These companies have certainly had a positive effect on the daily lives of consumers across Europe. Without them, millions would still be unconnected to the fibre network, especially in so-called “dead zones”, the targeting of which has been outlined in the European digital targets for 2030 in the framework of its “DigitalDecade” plan. However, not all companies have the characteristics to develop such a model successfully: most of the market is made up of SMEs acting as local subcontractors of a few large operators who have reached a critical size allowing them to fully profit from their B2B2C approach.
This is notably the case of Solutions 30 (founded in 2003), which has managed, over a period of twenty years, to expand a small-scale model initially built around the installation and maintenance of ADSL, and which has since been extended to fibre, connected meters and even EV charging points, to an industrial scale. The company has been able to replicate tried and tested procedures throughout Europe with the major operators (Orange, Vodafone, TIM, Bouygues, Engie or Schneider Electric, among others), thus providing them with the reassurance of a uniformly standardised approach to their work, regardless of the location.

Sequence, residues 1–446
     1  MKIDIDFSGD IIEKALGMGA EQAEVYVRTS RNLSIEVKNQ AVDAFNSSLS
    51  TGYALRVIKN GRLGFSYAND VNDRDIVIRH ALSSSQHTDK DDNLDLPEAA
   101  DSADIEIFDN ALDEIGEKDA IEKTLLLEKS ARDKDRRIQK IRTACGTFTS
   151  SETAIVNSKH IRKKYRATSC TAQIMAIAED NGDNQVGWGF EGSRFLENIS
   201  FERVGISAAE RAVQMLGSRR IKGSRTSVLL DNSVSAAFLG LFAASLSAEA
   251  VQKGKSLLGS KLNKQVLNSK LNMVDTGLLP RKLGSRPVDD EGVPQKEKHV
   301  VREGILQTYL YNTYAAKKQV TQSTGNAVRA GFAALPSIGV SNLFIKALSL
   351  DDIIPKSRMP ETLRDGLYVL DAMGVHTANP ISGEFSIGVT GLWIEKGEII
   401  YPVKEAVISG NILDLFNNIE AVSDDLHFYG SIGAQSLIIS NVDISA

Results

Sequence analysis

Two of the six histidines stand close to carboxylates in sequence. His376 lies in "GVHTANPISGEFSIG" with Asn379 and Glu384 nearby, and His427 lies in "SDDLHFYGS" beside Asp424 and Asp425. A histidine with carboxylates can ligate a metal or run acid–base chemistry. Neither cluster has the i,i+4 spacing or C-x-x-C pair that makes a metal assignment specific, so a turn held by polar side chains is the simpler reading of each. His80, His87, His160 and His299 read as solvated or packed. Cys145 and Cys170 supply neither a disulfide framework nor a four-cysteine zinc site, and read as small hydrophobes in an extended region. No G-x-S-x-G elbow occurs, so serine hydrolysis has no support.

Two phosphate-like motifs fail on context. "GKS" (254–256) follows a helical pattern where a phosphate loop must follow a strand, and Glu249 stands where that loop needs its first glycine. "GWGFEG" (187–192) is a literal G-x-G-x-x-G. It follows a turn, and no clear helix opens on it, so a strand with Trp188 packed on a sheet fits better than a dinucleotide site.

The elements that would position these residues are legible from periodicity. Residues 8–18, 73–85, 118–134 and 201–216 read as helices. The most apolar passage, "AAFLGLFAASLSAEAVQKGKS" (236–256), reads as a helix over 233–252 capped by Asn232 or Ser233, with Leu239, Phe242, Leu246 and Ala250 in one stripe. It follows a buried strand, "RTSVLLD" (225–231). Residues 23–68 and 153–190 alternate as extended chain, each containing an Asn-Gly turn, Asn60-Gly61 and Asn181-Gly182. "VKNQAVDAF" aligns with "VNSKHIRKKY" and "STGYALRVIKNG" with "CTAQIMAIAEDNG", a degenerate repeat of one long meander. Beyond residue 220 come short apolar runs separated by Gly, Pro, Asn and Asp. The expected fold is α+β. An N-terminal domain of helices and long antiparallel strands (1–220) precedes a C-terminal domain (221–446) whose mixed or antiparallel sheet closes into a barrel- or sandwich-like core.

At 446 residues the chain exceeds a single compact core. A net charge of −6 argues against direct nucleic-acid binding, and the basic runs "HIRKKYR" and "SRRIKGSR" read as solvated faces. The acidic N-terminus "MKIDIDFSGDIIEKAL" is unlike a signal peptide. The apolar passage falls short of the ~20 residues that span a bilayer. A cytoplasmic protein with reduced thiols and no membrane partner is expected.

The firm operates in cities and rural areas, with over 15,000 service engineers deployed across 10 European countries, including the UK, and provides a key link in the distribution chain, operating between the HSBB distributor and end users. “Since the beginning with ADSL, and today with fibre and 5G, the added value of our company is to relieve access providers of tasks that are not their core business, such as connecting to infrastructure networks and resolving day-to-day operating problems, for the direct benefit of end customers, whether private individuals or companies,” explains Gianbeppi Fortis, CEO of Solutions 30. “For the latter, we embody the materiality of the service provided, with a B2B2C model that is really proving its suitability as digital advances are made.”
And the model is really proving its worth, with Solutions 30 seemingly expanding exponentially across Europe, notably in Poland, Italy or Belgium, where it signed a contract with Fiberklaar in late 2021, a company ambitioning to connect 1.5 million houses to ultra-high-speed Internet in the coming two years. “We are very pleased to call Solutions 30 one of our key partners in our ambitious plan to build an open fibre network in Flanders. This long-term cooperation with an experienced company is vital for us to provide the inhabitants of Flanders with super-fast and stable internet,” said Rik Missault, CEO of Fiberklaar.